BHANGA SINGH (d. 1815), a prominent sardar of the Karorsinghia chief ship, seized in January 1764, after the fall of Sirhind, the parganah of Pehova along the bed of the River Sarasvati, 22 km west of Thanesar. Later he captured Thanesar leaving Pehova in the possession of his brother, Bhag Singh. Bhanga Singh and Bhag Singh commanded a force of 750 horse and 250 foot. In 1779, Bhanga Singh aligned himself with the Mughal chief, Abdul Ahd Khan, to recover his territory from Raja Amar Singh of Patiala. In January 1786, Bhanga Singh along with other Sikh chiefs entered the Ganga Doab at the head of 5,000 horse and ravaged Meerut, Hapur and Garh Mukteshvar. In April 1789, Mahadji Scindia, regent of the Mughal empire, confirmed Bhanga Singh`s right to rakhi or cess levied for protection in some of the areas under his influence.
In January 1791, Bhanga Singh advanced up to Anupshahar, a British cantonment on the Gariga under the charge of LtCol Robert Stuart. He captured the Colonel and brought him to Thanesar where he was confined for nine months in the fort before his release in October 1791 at the intercession of Lord Cornwallis, the British governor general, and some Sikh and Mughal chiefs and on payment of sixty thousand rupees as ransom. In 1795 Bhanga Singh captured Karnal and in 1799 he helped Raja Bhag Singh of Jind against the attack of the Irish adventurer, George Thomas. Bhanga Singh joined hands with Lord Lake in attacking Delhi in September 1803 and was granted some additional territory.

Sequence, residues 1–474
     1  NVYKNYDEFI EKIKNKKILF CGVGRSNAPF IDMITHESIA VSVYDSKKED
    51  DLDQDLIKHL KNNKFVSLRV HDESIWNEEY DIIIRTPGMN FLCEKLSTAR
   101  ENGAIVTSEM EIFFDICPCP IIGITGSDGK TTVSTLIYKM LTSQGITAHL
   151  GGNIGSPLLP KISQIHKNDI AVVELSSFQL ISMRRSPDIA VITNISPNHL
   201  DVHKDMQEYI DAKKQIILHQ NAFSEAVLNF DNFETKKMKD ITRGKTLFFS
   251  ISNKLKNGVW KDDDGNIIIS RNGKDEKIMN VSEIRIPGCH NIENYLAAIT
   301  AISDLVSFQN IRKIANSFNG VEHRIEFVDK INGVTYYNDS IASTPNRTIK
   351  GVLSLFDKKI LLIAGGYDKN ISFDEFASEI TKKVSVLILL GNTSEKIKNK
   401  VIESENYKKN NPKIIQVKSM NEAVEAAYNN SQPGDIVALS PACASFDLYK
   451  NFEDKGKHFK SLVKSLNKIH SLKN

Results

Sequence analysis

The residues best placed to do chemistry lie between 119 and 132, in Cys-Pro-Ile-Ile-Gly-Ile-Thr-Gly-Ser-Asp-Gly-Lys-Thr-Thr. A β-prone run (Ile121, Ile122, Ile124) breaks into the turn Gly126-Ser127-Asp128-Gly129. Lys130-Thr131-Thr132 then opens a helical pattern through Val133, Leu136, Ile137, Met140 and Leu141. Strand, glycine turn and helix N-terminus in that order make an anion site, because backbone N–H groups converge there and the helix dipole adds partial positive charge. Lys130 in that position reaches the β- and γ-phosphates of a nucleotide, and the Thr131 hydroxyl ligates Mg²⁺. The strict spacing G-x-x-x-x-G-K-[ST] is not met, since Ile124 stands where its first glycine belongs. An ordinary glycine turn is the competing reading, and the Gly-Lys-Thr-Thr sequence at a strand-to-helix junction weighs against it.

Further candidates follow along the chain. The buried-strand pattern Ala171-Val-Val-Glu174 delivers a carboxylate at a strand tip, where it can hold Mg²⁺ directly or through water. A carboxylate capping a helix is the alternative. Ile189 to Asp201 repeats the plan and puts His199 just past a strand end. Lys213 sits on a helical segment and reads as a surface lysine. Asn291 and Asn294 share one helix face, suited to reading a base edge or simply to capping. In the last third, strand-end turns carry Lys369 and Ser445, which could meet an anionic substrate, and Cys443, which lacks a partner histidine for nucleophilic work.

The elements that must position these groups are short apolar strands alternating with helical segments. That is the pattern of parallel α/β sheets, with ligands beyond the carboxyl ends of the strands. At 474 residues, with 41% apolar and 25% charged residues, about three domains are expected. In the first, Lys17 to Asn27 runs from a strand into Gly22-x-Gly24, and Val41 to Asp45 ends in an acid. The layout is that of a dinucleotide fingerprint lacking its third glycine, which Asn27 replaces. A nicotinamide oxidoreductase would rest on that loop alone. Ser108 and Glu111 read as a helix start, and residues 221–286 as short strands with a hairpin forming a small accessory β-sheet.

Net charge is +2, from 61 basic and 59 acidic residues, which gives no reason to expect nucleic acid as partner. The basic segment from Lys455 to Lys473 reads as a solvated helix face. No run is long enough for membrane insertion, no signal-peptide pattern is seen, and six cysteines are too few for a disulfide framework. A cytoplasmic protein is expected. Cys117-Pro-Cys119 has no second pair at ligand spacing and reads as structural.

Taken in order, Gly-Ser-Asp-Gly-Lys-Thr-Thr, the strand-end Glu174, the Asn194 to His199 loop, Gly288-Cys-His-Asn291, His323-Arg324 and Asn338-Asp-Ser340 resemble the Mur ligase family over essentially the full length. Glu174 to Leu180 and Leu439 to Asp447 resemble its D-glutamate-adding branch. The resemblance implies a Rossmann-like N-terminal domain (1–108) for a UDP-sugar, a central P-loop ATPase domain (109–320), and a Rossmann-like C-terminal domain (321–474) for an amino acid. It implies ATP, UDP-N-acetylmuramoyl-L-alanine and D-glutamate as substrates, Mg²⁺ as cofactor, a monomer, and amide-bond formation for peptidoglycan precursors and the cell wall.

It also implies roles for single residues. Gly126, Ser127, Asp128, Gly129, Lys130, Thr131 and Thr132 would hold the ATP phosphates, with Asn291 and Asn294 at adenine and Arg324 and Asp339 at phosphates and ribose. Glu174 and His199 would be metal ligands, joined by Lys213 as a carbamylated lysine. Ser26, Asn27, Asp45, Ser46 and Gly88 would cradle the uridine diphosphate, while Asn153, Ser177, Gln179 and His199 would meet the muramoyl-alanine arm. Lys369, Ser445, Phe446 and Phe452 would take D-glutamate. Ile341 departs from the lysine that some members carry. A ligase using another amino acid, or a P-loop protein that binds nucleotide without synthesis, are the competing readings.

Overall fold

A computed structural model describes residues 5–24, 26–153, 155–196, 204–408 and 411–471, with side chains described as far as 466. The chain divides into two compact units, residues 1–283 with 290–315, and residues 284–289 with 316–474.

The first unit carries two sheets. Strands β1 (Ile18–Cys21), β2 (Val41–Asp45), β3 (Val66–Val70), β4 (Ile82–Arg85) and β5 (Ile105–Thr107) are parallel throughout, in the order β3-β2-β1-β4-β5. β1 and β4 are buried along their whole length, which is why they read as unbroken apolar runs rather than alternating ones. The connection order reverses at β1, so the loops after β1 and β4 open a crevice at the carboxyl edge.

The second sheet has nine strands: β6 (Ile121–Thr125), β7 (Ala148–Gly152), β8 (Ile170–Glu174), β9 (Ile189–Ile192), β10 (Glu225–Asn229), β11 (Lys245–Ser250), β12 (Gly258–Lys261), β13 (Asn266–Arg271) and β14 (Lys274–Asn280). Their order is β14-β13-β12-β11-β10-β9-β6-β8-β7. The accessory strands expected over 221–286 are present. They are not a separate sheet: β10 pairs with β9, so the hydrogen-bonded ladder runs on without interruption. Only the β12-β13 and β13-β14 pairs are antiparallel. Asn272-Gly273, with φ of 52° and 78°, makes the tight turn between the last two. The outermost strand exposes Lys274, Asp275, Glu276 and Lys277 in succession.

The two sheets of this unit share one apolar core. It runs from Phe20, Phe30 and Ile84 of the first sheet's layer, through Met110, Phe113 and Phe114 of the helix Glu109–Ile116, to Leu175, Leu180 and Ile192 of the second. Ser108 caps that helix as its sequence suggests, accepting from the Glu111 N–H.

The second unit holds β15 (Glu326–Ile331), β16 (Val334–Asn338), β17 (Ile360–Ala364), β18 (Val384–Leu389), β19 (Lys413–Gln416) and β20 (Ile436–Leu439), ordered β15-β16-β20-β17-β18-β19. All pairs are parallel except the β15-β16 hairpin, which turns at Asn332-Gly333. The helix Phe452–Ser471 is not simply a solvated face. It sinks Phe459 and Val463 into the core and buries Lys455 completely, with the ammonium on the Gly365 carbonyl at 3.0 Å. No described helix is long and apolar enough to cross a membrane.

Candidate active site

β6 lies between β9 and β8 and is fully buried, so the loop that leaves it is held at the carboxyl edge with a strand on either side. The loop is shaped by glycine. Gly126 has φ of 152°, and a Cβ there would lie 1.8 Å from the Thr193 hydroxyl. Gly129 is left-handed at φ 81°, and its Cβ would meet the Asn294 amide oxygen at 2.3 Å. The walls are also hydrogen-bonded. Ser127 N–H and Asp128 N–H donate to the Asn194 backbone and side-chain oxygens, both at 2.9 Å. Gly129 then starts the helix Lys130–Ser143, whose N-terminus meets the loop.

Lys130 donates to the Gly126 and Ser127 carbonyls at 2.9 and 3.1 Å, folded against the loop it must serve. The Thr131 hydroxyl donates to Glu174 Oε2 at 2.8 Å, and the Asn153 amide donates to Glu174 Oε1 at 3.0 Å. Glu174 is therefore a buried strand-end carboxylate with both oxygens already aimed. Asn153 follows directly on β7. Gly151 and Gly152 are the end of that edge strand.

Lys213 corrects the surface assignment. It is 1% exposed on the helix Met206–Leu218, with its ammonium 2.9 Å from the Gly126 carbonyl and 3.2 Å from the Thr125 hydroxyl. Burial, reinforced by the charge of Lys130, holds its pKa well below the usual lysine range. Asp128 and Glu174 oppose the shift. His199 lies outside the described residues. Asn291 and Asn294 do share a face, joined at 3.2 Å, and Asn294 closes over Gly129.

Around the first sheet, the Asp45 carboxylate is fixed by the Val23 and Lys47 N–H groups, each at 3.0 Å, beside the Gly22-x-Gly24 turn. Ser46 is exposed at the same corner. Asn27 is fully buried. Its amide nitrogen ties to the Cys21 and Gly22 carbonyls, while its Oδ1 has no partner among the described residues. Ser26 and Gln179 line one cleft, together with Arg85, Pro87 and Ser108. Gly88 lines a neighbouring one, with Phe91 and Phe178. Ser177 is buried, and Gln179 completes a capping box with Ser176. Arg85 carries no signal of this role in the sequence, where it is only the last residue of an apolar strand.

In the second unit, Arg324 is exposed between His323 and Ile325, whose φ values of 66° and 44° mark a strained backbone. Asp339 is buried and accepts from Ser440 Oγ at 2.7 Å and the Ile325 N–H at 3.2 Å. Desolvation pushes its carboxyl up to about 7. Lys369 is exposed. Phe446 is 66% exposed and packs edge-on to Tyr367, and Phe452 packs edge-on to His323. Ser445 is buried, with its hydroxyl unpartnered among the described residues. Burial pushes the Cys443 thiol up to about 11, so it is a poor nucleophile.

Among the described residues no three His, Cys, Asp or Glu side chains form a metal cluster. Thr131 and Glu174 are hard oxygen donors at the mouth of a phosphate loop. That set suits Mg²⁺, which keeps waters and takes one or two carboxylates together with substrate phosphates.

In 1806 he accompanied Maharaja Ranjit Singh on his return journey from Thanesar to the Sutlej and received from him a village in jagir in Talvandi parganah between Moga and Firozpur. Sir Lepel Griffin has described Bhanga Singh as a man “of a most savage and untameable character,” and as “the fiercest and most feared of all the cis Sutlej chiefs.” Bhanga Singh died in 1815 and was survived by his son, Fateh Singh, and daughter, Karam Kaur, married to Maharaja Karam Singh of Patiala, and wife, Hassan. Fateh Singh died in 1819 without issue, and one half of his territory was confiscated by the British while the other half remained with his mother, Hassan, who signed herself as Bhanga Singh in her correspondence with the British.
1. Griffin, Lepel, The Rajas of the Punjab. Delhi, 1977
2. Gupta, Hari Ram, History of the Sikhs, vol. III. Delhi, 1980